It’s National Lash day, beauties. Over the centuries, the eyelashes have been groomed and cared for in many different ways. Let’s celebrate our national holiday by learning more about the interesting history of lash and brow care!
Egyptians associated cosmetic use with holiness, creating eye products, lip stains, cheek stains, and other beauty inventions for the Pharaohs and the wealthy.
Agents such as black kohl were the most popular method of coloring the lashes. They also used green and blue paints to color the eyes.
During the middle ages in Europe, hairlessness was an attribute of the wealthy and beautiful, so women would actually shave their eyebrows and remove their eyelashes. Mona Lisa much?
In the early 1800’s, a hairdresser wrote in amazement of what a difference lashes could make on a woman. She talked of a specific client who lost her hair due to an illness. The false lashes she had applied made her look like a completely different woman, and she recalled the surprised and pleased look on the client’s husband’s face.
False strip lashes may have been created as early as the 1870’s by wig-makers and beauty salon owners. Early lashes were made of natural hairs or animal furs.
In the late 1800’s, hair transplants were one method for longer-looking lashes. They physically sewed on hairs from the head onto the eyelid. Ouch!
In the early 20thcentury, the lengthening of lashes was attempted by application of all sorts of substances ranging from natural pomades to “walnut-leave water” to honey and more.
Hmm…sounds a bit pinterest-y.
The 1stpatent for false eyelashes in the United States was by a Canadian woman named Anna Taylor back in 1911.
False-eyelash popularity took off in the mainstream U.S. population during early-WWI years and when the film industry prompted the rise of celebrities and film stars.
Professional eyelash extension services started in the 1930’s and rose slowly but surely throughout WWII, during the post-war years and in the 1950’s.
Models and beauty icons like Twiggy and Brigette Bardot had the lush-lash trend soaring throughout the 1960’s. The beauty trends shifted from defining the lips to embellishing the eyes with lashes, eyeliners and pigmented eye shadows.
The 1970’s signified a natural-look, focusing on full, natural-brows and less face make-up. Long lashes were still a thing, as long as the look was “natural.” Groovy man.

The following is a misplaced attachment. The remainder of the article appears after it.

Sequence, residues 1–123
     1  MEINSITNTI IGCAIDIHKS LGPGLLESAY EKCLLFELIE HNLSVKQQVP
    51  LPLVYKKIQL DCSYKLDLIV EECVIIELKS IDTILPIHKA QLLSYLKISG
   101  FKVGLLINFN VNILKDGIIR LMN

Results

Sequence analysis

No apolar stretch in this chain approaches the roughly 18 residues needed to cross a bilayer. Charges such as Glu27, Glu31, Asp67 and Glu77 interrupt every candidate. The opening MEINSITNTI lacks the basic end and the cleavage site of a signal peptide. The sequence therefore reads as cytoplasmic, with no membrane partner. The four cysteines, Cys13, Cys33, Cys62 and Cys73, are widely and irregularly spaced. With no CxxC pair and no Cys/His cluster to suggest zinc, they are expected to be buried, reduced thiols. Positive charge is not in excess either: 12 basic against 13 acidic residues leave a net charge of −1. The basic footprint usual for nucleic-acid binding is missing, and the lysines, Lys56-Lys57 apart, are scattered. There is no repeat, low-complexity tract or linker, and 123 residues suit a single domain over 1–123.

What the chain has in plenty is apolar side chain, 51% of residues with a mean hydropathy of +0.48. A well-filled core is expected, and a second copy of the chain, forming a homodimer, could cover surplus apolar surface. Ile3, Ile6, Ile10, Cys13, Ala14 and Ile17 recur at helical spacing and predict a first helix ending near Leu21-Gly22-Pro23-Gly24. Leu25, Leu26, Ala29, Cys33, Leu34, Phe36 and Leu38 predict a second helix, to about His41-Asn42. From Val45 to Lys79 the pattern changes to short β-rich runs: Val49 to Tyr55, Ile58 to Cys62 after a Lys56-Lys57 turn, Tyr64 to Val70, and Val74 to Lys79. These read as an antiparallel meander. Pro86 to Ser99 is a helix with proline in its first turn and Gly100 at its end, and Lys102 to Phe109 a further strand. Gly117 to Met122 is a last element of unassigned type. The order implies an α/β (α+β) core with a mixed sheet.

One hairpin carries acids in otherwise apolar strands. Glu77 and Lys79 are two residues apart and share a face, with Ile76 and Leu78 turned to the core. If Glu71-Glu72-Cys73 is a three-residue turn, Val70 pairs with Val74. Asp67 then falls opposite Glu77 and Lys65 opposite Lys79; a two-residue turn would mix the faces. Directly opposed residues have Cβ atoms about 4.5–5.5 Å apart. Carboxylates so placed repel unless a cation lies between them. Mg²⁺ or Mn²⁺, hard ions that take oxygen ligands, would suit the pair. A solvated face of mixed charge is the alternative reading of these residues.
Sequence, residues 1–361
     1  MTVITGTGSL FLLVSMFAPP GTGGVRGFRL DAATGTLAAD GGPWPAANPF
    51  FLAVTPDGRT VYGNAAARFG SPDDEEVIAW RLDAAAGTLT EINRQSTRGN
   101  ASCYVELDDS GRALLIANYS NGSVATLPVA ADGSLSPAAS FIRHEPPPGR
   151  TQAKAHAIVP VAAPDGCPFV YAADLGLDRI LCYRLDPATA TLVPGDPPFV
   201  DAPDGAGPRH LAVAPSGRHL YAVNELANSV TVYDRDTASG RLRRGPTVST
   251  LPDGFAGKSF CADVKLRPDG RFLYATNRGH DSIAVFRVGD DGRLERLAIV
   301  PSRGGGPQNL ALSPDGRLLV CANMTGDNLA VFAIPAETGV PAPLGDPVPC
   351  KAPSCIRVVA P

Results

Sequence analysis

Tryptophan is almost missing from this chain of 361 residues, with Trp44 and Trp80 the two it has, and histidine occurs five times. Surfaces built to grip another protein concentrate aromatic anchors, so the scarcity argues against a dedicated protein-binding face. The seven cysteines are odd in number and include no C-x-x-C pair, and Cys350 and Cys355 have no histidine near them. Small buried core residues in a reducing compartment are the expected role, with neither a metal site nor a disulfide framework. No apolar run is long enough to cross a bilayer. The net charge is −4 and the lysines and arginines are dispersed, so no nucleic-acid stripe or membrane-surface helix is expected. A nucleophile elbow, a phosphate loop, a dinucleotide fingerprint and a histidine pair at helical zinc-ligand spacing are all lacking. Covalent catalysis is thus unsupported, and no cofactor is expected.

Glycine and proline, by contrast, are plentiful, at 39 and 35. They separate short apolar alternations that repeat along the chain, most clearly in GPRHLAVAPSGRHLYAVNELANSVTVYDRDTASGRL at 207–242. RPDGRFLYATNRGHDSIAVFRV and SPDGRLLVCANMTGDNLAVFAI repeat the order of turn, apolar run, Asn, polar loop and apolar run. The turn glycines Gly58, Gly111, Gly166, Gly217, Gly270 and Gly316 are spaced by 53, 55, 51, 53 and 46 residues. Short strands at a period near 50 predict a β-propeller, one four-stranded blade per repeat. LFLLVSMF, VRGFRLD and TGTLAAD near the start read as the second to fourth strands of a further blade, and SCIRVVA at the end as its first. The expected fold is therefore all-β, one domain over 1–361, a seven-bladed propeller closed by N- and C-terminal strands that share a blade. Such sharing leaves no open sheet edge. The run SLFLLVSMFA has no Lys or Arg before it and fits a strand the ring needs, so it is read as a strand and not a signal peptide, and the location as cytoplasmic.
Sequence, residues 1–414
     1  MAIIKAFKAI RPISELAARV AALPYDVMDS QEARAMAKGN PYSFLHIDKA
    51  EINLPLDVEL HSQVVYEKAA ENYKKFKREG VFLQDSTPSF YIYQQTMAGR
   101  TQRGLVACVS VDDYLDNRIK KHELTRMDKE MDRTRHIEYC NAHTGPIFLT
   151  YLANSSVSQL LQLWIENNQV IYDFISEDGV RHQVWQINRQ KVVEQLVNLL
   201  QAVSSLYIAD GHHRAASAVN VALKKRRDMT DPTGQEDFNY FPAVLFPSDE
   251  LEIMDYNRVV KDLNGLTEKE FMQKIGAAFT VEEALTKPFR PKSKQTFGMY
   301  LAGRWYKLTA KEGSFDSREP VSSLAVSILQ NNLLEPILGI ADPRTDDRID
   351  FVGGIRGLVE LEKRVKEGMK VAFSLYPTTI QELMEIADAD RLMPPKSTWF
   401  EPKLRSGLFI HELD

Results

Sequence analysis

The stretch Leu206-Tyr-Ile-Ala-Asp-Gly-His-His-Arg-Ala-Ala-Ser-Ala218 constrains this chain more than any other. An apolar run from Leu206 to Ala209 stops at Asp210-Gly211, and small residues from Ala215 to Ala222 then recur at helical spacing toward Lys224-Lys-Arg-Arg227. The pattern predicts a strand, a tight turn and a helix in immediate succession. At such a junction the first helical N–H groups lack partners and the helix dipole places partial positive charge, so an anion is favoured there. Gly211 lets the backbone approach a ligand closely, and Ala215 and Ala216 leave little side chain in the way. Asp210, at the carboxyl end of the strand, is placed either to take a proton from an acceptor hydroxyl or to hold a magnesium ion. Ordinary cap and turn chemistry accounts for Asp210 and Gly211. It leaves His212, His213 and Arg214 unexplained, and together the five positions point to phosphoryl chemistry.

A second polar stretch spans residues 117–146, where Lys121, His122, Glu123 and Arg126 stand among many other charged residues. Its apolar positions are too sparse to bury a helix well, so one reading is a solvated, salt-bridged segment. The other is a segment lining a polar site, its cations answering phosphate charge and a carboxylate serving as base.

In the 80’s, Brook Shields, it-girl of the decade, helped propel the trend for full eyebrows.
Eye shadows, hair, lips, brows, shoulder pads… what wasn’tfull in the 80’s?
We won’t talk about eyebrows in the 90’s. The era is dead and gone to us bold-brow-lovers. Lashes were still ‘in’ of course, and the creation of colored mascaras even gained a place in the spotlight during the late 80’s and early 90’s ‘grunge’ years.
What We Know Today:
2008 is when RapidLash debuted itself as the over-the-counter lash serum for the masses. Other copycat companies have surfaced, but we continue to dominate the market.
The eyelashes are made up of about 90% proteins like keratin and melanin and about 10% water.
The lash hair follicles cycle through 3 distinct phases: the “growing” phase, the “declining” phase and the “shedding” phase. The growing phase lasts about 45 days on average, while the declining phase (growth of that hair stops) lasts about 3 weeks. The shedding phase lasts 1-2 weeks.
A lash that is pulled out can take about 2 months to regenerate!
Peptides and topical proteins are used to condition and enhance the look of lashes over time in the same way that skin care products containing amino acids and peptides aim to improve the look of the skin.
The eyelashes themselves and the blinking reflex are functionally protective. Both shield the eyes from debris, quick moving objects, and bugs. Ew!
Long eyelashes are a a marker of youth, beauty, and aren’t just for Instagram stars anymore. Long lashes are more attainable then ever.
2016 is another huge year for brows and eyelashes. Professional brow and lash extensions continue to grow as popular service in salons and spas throughout the country. We don’t see either of these trends declining any time soon.
How are you celebrating National Lash Day?
I go back and forth between applying super-lush false lashes and going completely sans-mascara. During what I call my “restoration” or “rest period,” I pamper the lashes back to optimum health with my RapidLash® Lash Enhancing Serum and refrain from using mascara. Once the lashes look full and healthy again, I feel more comfortable whipping out my super-fun falsies, especially for events and fun weekends. I consistently use my RapidBrow® daily to keep my eyebrows looking full, shiny, and healthy. I barely have to contour my brows anymore like I used to with my brow kits. It’s a real time saver, and that, my friends, is priceless.
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